This is a serious problem if sufficiency is supposed to offer something equality can’t. Sufficiency is not identifiable by examining each person, one at a time; to know whether what you have is enough for you, we need to know what others have. Sufficiency is not intrinsically morally valuable, either; its value is relative to the moral value of happiness.
In short, Frankfurt hasn’t shown that we can replace the ideal of equality with the ideal of sufficiency.
In the second part of On Inequality, Frankfurt extends his argument to all other forms of equality. Political equality, equality of respect, equal consideration – none are intrinsically morally valuable. If we should endorse principles of equal respect, we should because we each bear the relevant bases for that respect, not because there is something intrinsically wrong with according some less respect than others. When someone has not been given the rights or goods to which she is entitled, what is wrong is not that that person has less than others, but that she has not been given her due.
Some of the doubts I raised about Frankfurt’s case against economic equality matter bear here too. It is far from obvious that the value of political equality is better explained by the value of political sufficiency, at the very least because it is far from clear what it would mean to have “sufficient” rights, or sufficient treatment under the law, without regard to how one’s rights or treatment compare to those of others.
Frankfurt seems to have conflated what some call “comparative” and “non-comparative” justice. Sometimes it is wrong to treat me some way because of certain facts about me, but other times it is wrong precisely because everyone else is treated another way. If it is wrong that I am permitted to donate $2699 to a candidate for office when everyone else is permitted to donate $2700, surely this is because I have been barred from contributing the same amount as everyone else, not because there is something about me in virtue of which I am truly and pre-institutionally entitled to give candidates exactly $2700 per election cycle. To know that I have been wronged, we need to compare what has been done to me with what is done to other people.
On Inequality is a case against the intrinsic moral value of equality. The word “intrinsic” is vital to Frankfurt’s approach. Without it, his argument is obviously false. With it, however, it is not clear what his argument is against. What does “intrinsic” mean here?
Often, Frankfurt’s demand for a defense of equality’s “intrinsic” moral value is a request for a defense of equality that does not appeal to any other values (68). It’s not clear why this demand should matter: Sufficiency can’t meet this standard either. Its moral value derives from its relationship to happiness, but that doesn’t trouble Frankfurt. If that approach to justification is appropriate, egalitarians can defend their view by demonstrating that equality is morally valuable because equality is constitutive of a more basic moral value.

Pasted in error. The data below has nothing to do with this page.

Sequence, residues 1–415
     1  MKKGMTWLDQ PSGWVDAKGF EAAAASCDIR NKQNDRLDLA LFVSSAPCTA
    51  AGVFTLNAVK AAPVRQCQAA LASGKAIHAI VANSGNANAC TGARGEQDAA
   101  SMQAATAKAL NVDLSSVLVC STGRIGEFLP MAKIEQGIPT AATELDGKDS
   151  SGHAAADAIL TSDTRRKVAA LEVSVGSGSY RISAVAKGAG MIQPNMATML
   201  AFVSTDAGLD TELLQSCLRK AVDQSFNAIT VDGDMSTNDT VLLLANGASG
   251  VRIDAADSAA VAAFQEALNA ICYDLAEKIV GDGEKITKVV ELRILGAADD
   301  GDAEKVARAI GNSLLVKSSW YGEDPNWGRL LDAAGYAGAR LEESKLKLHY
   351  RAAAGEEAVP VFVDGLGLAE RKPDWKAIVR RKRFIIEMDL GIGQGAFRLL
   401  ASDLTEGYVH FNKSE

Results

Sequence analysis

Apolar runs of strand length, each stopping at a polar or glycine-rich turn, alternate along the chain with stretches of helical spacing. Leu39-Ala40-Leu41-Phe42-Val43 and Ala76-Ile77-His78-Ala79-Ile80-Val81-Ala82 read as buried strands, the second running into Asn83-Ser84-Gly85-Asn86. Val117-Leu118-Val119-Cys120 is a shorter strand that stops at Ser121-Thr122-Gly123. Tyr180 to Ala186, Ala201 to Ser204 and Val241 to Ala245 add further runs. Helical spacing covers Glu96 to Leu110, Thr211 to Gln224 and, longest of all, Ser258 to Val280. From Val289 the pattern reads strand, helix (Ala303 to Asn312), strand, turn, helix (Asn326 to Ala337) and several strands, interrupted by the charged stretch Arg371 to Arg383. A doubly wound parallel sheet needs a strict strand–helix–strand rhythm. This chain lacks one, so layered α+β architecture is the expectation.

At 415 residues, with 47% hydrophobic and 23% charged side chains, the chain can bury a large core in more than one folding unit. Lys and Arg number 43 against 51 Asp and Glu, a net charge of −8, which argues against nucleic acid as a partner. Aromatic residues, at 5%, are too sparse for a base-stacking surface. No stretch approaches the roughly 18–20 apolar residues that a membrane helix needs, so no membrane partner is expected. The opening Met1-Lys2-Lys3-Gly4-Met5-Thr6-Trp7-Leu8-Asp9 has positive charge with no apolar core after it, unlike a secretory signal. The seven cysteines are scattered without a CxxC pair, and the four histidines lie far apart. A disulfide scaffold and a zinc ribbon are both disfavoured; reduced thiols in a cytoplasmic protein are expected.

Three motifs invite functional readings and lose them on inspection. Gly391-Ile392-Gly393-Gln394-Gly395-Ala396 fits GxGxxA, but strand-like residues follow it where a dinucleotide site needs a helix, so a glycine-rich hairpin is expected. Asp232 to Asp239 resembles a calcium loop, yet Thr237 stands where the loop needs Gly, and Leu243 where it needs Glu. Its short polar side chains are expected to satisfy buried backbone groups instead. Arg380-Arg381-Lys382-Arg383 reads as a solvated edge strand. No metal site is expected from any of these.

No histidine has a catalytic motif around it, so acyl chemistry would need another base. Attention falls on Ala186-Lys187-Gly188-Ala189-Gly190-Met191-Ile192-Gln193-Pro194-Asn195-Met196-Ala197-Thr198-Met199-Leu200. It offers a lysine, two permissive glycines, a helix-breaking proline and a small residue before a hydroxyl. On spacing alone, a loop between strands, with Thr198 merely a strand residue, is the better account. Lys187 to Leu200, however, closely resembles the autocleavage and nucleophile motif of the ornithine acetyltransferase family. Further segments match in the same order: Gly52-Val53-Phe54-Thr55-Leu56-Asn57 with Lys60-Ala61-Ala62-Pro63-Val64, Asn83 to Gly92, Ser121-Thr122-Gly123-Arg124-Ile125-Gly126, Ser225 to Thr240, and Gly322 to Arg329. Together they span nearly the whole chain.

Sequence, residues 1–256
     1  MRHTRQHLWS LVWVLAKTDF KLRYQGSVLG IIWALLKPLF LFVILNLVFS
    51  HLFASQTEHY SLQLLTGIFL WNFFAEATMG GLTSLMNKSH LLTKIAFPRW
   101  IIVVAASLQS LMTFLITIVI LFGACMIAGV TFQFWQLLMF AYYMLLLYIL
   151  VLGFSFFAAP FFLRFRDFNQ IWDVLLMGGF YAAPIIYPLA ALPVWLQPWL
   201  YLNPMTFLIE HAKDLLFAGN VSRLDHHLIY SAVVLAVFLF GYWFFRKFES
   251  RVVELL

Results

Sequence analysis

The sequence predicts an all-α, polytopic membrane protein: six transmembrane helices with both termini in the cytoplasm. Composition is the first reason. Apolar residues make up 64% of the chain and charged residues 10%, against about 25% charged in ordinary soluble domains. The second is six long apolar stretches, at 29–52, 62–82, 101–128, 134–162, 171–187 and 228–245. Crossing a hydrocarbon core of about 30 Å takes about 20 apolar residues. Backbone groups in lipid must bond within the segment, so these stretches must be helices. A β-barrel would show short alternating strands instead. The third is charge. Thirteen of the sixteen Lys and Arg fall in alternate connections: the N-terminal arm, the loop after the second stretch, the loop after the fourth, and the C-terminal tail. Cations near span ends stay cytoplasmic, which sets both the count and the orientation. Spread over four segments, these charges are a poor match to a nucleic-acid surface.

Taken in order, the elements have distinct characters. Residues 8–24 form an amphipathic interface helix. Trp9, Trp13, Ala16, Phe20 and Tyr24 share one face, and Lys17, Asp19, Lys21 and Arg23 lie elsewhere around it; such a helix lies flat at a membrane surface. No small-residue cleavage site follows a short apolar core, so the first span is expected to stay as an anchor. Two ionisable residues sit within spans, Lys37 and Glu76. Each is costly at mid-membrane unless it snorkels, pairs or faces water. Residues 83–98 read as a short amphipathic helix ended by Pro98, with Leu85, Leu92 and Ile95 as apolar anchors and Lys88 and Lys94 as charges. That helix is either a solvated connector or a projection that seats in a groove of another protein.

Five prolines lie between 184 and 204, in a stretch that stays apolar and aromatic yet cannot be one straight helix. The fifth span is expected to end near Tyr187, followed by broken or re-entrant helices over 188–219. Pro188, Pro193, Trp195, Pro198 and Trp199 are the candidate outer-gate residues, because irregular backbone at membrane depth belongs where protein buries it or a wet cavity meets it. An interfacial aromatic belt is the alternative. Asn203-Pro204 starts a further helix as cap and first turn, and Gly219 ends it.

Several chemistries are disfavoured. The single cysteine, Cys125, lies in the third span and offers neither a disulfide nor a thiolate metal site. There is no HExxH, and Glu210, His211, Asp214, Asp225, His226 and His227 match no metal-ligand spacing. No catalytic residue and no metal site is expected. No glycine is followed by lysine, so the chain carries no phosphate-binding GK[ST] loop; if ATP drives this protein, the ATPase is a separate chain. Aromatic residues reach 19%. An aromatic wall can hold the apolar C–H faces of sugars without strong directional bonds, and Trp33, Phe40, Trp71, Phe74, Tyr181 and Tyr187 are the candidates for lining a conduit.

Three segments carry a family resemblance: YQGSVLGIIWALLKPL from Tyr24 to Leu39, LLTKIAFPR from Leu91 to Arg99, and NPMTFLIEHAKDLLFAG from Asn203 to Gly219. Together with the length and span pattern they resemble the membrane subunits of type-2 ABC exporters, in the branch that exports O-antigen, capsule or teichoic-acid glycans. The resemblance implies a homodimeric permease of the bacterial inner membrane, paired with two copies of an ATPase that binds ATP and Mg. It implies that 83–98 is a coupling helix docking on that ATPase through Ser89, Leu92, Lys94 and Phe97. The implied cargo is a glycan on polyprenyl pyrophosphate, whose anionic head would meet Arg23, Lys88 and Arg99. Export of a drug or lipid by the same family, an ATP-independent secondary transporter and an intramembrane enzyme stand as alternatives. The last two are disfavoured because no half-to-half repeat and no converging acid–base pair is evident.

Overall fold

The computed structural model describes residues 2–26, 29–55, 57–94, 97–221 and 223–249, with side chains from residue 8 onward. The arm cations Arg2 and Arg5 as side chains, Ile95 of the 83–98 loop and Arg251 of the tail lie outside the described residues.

That is exactly how egalitarians like John Rawls and others in the contemporary social contract tradition have defended the moral value of equality. In their view, as developed in Rawls’s A Theory of Justice, justice requires a form of political and economic equality. The structure of a just society is defined by two principles of justice: individuals are entitled to the greatest set of rights and liberties that could be equally granted to all, and to an equal share of “primary social goods” – wealth, education, healthcare, and whatever else anyone could reasonably be thought to need to live a good life – except where some inequality of these goods would be to the benefit of those who are worst off.
In addition to this substantive role, equality is also embedded in the procedure that generates the two principles. The two principles of justice are the principles because they are those all reasonable people would agree to under fair bargaining conditions in advance of knowing their place in society. This procedure fits because we must justify the institutions under which we live to each other as equals, as fellow aspirants to good lives seeking a just society. Moral equality, as the demand that the basic structure of society be justified to each and every one of its members, is at the heart of the Rawlsian theory. In this procedural role, the moral value of equality may well be independent of other values.
Frankfurt does frame a case he thinks undermines the second principle of justice, but even if he is right, the Rawlsian case for political equality remains untouched – as does the value of equality as a feature of procedural justice. For our purposes, the point is this: Egalitarians may defend the moral value of equality by appealing to procedural justice.